Defense minister shuns deputy over two-state comments

Danon calls working relationship with his boss ‘excellent’; Ya’alon says he’s no longer responsible for Danon

Aaron Kalman is a former writer and breaking news editor for the Times of Israel

Defense Minister Moshe Ya'alon (photo credit: Avi Ohayon/GPO/Flash90)
Defense Minister Moshe Ya'alon (photo credit: Avi Ohayon/GPO/Flash90)

Defense Minister Moshe Ya’alon was displeased with Danny Danon’s appointment as his deputy after January’s elections and limited the latter’s responsibilities as much as possible, but last week’s interview with The Times of Israel was the last straw, Yedioth Ahronoth reported Monday.

Danon’s comments, to the effect that the government is opposed to the establishment of a Palestinian state, were the straw that broke the camel’s back in the relationship between the defense minister and his deputy, the paper reported.

“I’ve given up [my] responsibility for him a long time ago. Don’t come to me with complaints” about Danon, Ya’alon was quoted as saying behind closed doors by the Hebrew daily.

According to Yedioth, since Danon’s appointment as No. 2 in the Defense Ministry, Ya’alon “seriously curtailed [Danon’s] powers as his deputy, reduced as much as possible his meetings with military personnel and didn’t permit him to appoint [for himself] a military aide.”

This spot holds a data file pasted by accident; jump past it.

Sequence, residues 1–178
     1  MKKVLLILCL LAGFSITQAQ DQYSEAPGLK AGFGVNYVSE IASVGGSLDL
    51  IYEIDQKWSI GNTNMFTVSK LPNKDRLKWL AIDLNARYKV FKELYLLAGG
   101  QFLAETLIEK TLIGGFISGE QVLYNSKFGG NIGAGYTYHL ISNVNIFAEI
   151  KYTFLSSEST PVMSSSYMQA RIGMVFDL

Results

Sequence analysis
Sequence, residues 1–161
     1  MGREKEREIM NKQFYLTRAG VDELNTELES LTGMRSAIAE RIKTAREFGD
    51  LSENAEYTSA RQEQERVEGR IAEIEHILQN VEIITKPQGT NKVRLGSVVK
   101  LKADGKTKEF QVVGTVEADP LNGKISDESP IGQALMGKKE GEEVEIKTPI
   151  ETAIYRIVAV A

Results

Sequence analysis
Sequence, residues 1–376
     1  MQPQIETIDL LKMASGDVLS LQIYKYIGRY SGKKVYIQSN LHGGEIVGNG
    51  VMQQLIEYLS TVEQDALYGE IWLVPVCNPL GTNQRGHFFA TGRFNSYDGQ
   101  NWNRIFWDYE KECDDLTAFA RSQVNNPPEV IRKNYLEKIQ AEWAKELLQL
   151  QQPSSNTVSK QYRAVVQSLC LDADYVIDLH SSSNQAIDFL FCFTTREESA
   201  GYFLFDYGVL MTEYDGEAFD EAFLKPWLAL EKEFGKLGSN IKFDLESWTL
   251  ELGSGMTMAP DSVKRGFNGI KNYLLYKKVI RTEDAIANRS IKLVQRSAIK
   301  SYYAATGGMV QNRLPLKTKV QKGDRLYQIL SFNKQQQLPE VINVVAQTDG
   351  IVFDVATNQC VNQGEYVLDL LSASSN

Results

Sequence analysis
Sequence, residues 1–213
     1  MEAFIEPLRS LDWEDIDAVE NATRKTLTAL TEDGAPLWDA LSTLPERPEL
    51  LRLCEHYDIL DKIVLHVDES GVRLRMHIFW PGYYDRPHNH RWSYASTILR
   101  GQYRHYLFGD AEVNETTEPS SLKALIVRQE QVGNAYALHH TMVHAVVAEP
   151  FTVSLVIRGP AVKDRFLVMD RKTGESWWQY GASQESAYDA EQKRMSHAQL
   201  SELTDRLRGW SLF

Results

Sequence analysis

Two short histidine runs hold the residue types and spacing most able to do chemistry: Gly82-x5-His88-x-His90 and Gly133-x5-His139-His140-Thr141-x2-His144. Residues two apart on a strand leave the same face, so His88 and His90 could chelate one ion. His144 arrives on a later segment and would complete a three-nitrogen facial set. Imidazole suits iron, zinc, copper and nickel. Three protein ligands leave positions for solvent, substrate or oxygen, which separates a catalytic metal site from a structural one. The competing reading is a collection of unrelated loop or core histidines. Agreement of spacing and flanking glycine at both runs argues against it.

Danon drew fire from both within the coalition and in the opposition after he told The Times of Israel that most of the governing coalition was opposed to a two-state solution and would block the creation of a Palestinian state if such a proposal ever came to a vote.

German Ambassador Andreas Michaelis, right, and MK Danny Danon (photo credit: courtesy Knesset)
MK Danny Danon (photo credit: courtesy Knesset)

In a hitherto unpublished comment from the same interview, Danon, who served as a lieutenant during his IDF service, told The Times of Israel that he and Ya’alon were a “very good match,” because the minister possesses an intimate knowledge of the IDF, while Danon brings a “civilian approach” to the Defense Ministry leadership.

“I think that if you look a the work that I do with Minster Ya’alon, it is a very good match,” Danon said, asserting that there is good chemistry between them. “We worked together before in the Knesset, when he was minister of strategic affairs, and today we work together very well.”

In response to the Yedioth Ahronoth report, Danon’s spokesperson said the working relations between his and Ya’alon’s offices “were excellent.”

Ya’alon heads to Washington on Thursday for his first official visit since being appointed defense minister. He’ll meet with US Secretary of Defense Chuck Hagel, and the two will reportedly discuss intelligence and military cooperation between the countries, especially regarding Iran’s nuclear program and the situation in Syria.

Raphael Ahren contributed to this report. 

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